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Epidemics ; 41: 100648, 2022 Nov 01.
Article in English | MEDLINE | ID: covidwho-2095324


OBJECTIVES: Disease transmission models are used in impact assessment and economic evaluations of infectious disease prevention and treatment strategies, prominently so in the COVID-19 response. These models rarely consider dimensions of equity relating to the differential health burden between individuals and groups. We describe concepts and approaches which are useful when considering equity in the priority setting process, and outline the technical choices concerning model structure, outputs, and data requirements needed to use transmission models in analyses of health equity. METHODS: We reviewed the literature on equity concepts and approaches to their application in economic evaluation and undertook a technical consultation on how equity can be incorporated in priority setting for infectious disease control. The technical consultation brought together health economists with an interest in equity-informative economic evaluation, ethicists specialising in public health, mathematical modellers from various disease backgrounds, and representatives of global health funding and technical assistance organisations, to formulate key areas of consensus and recommendations. RESULTS: We provide a series of recommendations for applying the Reference Case for Economic Evaluation in Global Health to infectious disease interventions, comprising guidance on 1) the specification of equity concepts; 2) choice of evaluation framework; 3) model structure; and 4) data needs. We present available conceptual and analytical choices, for example how correlation between different equity- and disease-relevant strata should be considered dependent on available data, and outline how assumptions and data limitations can be reported transparently by noting key factors for consideration. CONCLUSIONS: Current developments in economic evaluations in global health provide a wide range of methodologies to incorporate equity into economic evaluations. Those employing infectious disease models need to use these frameworks more in priority setting to accurately represent health inequities. We provide guidance on the technical approaches to support this goal and ultimately, to achieve more equitable health policies.

BMJ Global Health ; 7:A35, 2022.
Article in English | EMBASE | ID: covidwho-1968281


Objective The health systems costs of COVID-19 are high in many countries, including Pakistan. Without increases in fiscal space, COVID-19 interventions are likely to displace other activities within the health system. We reflect on the inclusion of COVID-19 interventions in Pakistan's Essential Package of Health Services (EPHS) and, from a financial optimisation perspective, propose which interventions should be displaced to ensure the highest possible overall health utility within budgetary constraints. Methods We estimated the costs of all 88 interventions currently included in the EPHS and collected published data on their cost-effectiveness. We also estimated total costs and costeffectiveness of COVID-19 vaccination in Pakistan. We ranked all EPHS interventions and COVID-19 vaccination by costeffectiveness, determining which interventions are comparatively least cost-effective and, in the absence of additional funding, no longer affordable. Results The EPHS assumes a spending per capita of US $12.96, averting 40.36 million disability-adjusted life years (DALYs). From a financial optimisation perspective, and assuming no additional funds, the introduction of a COVID-19 vaccine (US$3 per dose) should displace 8 interventions out of the EPHS, making the EPHS more cost-effective by averting 40.62 million DALYs. A US$6 dose should displace a further intervention and avert 40.56 million DALYs. A US$10 dose would partially fall out of the package, displacing four additional interventions. If health spending per capita decreased to US$8, a US$3 dose would still be affordable, but not US$6 or US$10 doses. Discussion Cost-effectiveness is only one criterion considered when deciding which interventions are included in (or removed from) a health benefits package. While displacing certain interventions to create fiscal space for the COVID-19 vaccine may lead to a financially optimal scenario, doing so may be politically unfeasible or socially undesirable. We highlight the difficult trade-offs that health systems face in the era of COVID-19.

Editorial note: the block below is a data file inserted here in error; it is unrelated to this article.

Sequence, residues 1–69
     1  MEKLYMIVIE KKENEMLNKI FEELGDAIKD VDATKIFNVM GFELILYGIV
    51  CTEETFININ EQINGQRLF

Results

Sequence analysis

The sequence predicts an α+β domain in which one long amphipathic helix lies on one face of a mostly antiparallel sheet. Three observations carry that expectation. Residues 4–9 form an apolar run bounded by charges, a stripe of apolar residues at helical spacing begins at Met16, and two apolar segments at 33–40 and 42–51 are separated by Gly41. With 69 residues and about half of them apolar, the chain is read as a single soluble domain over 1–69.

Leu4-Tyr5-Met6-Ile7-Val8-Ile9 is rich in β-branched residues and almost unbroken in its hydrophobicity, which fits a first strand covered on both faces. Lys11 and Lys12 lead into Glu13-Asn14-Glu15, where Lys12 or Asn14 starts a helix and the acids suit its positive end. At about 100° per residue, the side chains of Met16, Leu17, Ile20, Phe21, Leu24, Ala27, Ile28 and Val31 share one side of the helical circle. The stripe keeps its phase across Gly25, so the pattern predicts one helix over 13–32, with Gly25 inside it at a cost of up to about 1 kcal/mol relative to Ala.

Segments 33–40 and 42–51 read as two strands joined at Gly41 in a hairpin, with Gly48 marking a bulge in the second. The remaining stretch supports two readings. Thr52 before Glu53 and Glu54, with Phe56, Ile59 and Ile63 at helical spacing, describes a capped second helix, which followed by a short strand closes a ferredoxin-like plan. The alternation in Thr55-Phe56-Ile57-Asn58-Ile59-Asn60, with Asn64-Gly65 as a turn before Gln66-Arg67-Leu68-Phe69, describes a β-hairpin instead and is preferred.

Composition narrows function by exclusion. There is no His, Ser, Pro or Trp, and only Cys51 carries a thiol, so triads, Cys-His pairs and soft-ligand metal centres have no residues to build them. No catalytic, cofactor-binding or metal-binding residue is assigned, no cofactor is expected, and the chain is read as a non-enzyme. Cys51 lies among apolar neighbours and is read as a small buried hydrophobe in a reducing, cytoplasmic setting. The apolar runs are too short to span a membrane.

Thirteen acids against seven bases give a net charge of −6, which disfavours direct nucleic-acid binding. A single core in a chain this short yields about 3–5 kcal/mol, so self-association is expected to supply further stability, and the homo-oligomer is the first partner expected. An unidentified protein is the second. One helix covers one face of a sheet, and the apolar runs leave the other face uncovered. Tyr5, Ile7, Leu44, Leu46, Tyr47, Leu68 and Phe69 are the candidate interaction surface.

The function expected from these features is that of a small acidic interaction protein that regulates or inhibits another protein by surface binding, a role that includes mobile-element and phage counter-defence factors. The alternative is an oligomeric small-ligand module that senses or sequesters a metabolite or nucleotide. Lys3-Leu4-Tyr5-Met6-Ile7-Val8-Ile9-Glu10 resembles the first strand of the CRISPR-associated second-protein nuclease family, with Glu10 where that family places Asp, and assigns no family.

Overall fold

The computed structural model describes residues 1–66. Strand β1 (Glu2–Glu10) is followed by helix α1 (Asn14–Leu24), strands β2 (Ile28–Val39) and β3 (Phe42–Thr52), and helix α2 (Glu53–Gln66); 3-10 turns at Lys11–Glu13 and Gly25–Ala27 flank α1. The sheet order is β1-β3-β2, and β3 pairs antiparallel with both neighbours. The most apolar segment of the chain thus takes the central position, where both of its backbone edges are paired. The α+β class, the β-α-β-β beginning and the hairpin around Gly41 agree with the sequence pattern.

Int J Tuberc Lung Dis ; 26(3): 285-287, 2022 03 01.
Article in English | MEDLINE | ID: covidwho-1707991
Int J Tuberc Lung Dis ; 25(6): 436-446, 2021 06 01.
Article in English | MEDLINE | ID: covidwho-1248353


Early in the COVID-19 pandemic, models predicted hundreds of thousands of additional TB deaths as a result of health service disruption. To date, empirical evidence on the effects of COVID-19 on TB outcomes has been limited. Here we summarise the evidence available at a country level, identifying broad mechanisms by which COVID-19 may modify TB burden and mitigation efforts. From the data, it is clear that there have been substantial disruptions to TB health services and an increase in vulnerability to TB. Evidence for changes in Mycobacterium tuberculosis transmission is limited, and it remains unclear how the resources required and available for the TB response have changed. To advocate for additional funding to mitigate the impact of COVID-19 on the global TB burden, and to efficiently allocate resources for the TB response, requires a significant improvement in the TB data available.

COVID-19 , Mycobacterium tuberculosis , Humans , Pandemics , SARS-CoV-2